From a hazards point of view, Anchorage is a major metropolitan city with a population greater than 300,000. The Trans-Alaskan Pipeline, crossing much of the seismically active areas of the state, supplies a large proportion of U.S. oil and is at risk from a variety of potential earthquake sources, including the Denali Fault (the largest intraplate fault in the country). The largest fishing industry in the country is located in the Aleutian Islands and is susceptible not only to large earthquake hazards but also to volcanic eruptions and to very destructive tsunamis from both local and distant earthquake sources. It can also be noted that Alaska is the major exporter of tsunamis that impact other areas of the U.S. and Pacific rim countries.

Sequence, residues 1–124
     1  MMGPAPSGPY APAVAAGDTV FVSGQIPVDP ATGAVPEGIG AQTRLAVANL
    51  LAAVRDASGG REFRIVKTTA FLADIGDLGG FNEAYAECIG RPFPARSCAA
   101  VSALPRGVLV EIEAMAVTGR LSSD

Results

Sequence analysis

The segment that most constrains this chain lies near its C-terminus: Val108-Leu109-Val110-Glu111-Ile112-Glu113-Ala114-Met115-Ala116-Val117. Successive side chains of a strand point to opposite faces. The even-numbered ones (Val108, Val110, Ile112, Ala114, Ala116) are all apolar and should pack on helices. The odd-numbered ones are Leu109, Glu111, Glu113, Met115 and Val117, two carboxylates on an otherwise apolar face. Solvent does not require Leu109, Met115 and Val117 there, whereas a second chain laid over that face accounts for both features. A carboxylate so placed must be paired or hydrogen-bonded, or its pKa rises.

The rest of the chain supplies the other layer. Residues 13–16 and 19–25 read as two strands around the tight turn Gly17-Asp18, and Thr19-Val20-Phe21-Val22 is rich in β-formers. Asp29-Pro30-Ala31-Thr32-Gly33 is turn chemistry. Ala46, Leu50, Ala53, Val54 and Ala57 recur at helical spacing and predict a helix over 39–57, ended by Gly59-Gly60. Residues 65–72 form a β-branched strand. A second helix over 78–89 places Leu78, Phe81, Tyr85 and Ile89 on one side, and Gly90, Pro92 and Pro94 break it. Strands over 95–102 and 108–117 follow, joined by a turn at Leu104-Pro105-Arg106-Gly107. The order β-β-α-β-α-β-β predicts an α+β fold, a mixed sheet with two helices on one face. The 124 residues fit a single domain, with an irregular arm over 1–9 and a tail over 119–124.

Field System

Our requirements for a fieldworthy seismic system are extremely varied. Seismic station installations range from 425-foot-deep boreholes and dedicated buildings with temperature-isolated basement piers (as at the IRIS site COLA in Fairbanks) to metal culverts placed in the jagged rock outcrops of Waxell Ridge in the middle of the Bering Glacier, to burying L4C seismometers in the cones of active volcanoes in the Aleutian Islands. Likewise, there exists a range of techniques for powering and telemetering data from the various sites. Since we are so far north, solar panels become a problem in the winter time. We must make use of helicopters to go where no roads exist, and install very low-power stations that utilize solar power when available and various batteries (particularly air cells) for the few months when solar gain is minimal.